Being a decent mom. I am both very conscious and fearful of missing the best parts of my children’s childhood. I don’t want them to grow up too fast. I pinch myself that I am their mom. I work towards doing more simple things with them, paying attention, being there if they need me, and not losing it when they spill three things in nine minutes.
Are you a morning person or a night owl?
Both. I burn the candle at both ends, and I say this NOT in a busy-badge-of-honor way. For me, the quiet of these wee hours, with four children fast asleep, is an opportune time to be productive in the calm.
What are you most proud of?
The obvious reply is ‘my daughters’, and I am earnestly proud of them, but they are the fruit of a force much more deeply rooted.
I am proud of the women who came before me – mothers, aunts, cousins, grandmothers, and their mothers. Their lives were complicated and imperfect. They made no excuses. They worked hard. They anchored their lives in faith, spoke their minds, lived their truth, and took the helm to navigate their own storms. They steered away from popular opinion and the judgment of others and lived a life they were proud of. Even in their own raging storms, they stopped to save others from drowning. That is pretty remarkable.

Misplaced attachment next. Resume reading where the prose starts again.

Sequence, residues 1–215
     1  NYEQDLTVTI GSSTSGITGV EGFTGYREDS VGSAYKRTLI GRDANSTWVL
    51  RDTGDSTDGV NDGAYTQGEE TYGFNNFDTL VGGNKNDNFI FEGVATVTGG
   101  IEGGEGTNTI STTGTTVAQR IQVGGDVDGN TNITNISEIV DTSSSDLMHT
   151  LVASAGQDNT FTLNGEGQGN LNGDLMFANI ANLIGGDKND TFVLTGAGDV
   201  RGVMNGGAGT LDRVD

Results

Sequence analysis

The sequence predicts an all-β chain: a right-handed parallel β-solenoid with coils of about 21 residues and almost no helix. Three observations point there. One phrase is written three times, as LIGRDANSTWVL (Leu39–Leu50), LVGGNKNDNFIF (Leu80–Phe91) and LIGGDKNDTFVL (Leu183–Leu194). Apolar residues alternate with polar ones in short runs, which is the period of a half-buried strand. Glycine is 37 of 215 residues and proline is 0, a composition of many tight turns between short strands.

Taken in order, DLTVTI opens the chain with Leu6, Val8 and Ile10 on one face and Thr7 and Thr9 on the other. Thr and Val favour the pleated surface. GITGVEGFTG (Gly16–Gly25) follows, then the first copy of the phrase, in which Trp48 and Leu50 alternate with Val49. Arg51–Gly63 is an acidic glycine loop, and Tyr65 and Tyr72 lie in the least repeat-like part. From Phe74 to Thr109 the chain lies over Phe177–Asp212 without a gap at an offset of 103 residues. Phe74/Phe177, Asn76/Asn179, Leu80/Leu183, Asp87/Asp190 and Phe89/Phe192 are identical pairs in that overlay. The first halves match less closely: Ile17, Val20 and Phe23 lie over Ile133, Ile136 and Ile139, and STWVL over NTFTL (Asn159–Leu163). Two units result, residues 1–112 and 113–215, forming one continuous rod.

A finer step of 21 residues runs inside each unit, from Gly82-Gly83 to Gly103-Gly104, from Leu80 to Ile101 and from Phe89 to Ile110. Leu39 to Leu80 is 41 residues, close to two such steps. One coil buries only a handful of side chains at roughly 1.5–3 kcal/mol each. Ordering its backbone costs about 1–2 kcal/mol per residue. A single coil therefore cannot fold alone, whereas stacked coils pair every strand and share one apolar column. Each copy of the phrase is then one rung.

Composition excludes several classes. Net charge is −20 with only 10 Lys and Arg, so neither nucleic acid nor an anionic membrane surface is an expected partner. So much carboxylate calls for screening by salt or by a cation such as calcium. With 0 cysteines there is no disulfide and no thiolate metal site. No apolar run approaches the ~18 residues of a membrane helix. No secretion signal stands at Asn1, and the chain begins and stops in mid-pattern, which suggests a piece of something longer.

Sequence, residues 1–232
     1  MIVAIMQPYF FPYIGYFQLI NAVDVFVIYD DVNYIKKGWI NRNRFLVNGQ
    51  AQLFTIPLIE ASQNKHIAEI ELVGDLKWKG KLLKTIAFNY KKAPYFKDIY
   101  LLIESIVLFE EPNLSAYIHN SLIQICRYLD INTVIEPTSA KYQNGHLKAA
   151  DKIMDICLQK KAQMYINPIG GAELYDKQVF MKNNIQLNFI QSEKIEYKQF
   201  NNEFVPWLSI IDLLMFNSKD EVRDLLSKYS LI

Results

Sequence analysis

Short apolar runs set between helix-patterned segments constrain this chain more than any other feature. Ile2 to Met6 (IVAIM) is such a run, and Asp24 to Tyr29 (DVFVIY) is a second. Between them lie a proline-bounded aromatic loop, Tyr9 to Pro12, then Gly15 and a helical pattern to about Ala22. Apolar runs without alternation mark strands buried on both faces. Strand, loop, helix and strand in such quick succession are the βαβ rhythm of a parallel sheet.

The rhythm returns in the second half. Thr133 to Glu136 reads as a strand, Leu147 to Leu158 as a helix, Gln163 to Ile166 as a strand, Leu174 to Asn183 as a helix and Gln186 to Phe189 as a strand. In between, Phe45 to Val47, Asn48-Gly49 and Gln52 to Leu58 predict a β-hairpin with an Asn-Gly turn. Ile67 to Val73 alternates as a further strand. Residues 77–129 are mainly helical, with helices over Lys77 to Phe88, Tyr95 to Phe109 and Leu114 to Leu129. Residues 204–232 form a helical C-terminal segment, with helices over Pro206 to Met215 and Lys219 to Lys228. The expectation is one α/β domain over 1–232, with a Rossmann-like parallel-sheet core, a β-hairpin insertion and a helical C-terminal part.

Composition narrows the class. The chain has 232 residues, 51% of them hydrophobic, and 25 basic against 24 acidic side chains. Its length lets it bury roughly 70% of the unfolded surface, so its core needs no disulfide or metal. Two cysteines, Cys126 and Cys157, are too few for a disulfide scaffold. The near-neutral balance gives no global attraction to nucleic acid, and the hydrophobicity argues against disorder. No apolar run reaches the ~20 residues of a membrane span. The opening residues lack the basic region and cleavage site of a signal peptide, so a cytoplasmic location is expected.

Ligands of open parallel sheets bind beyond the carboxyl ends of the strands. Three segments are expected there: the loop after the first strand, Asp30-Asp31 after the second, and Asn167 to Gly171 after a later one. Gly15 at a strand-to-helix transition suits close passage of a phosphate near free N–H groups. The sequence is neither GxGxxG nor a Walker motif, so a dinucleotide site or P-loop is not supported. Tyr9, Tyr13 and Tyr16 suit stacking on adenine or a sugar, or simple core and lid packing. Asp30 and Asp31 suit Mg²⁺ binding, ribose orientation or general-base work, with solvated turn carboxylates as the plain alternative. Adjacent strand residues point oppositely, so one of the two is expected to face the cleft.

Their footprint on this earth are beacons, even long after many of them have left this earth – they are stars in the darkness of my own night sky. My confidence and my drive is rooted in the truth of who came before me. I am equally indebted to them and my children to live a life worthy of their sacrifices made over many lifetimes.
What are you known for?
I laugh often. I adore rescue dogs. I binge drink coffee. I binge watch Curb Your Enthusiasm. I hope folks think I am principled even when it’s not the easiest choice, courageous even when truly terrified, and that I often choose kindness (not to be confused with being nice).
What inspires you?
The people who roll up their sleeves and work with and for me to put food on their tables and provide for their families inspire me to make the right, best decisions.
Souls who still find dark humor in life despite adversity inspire me.
Folks who wake up and fight their demons, through sobriety, through self-care, through sacrifice and perseverance, and in a hundred other brave ways, inspire me each day.
Late night conversations with my sister that cut through the garbage and into what matters strengthen me to refocus on what is important.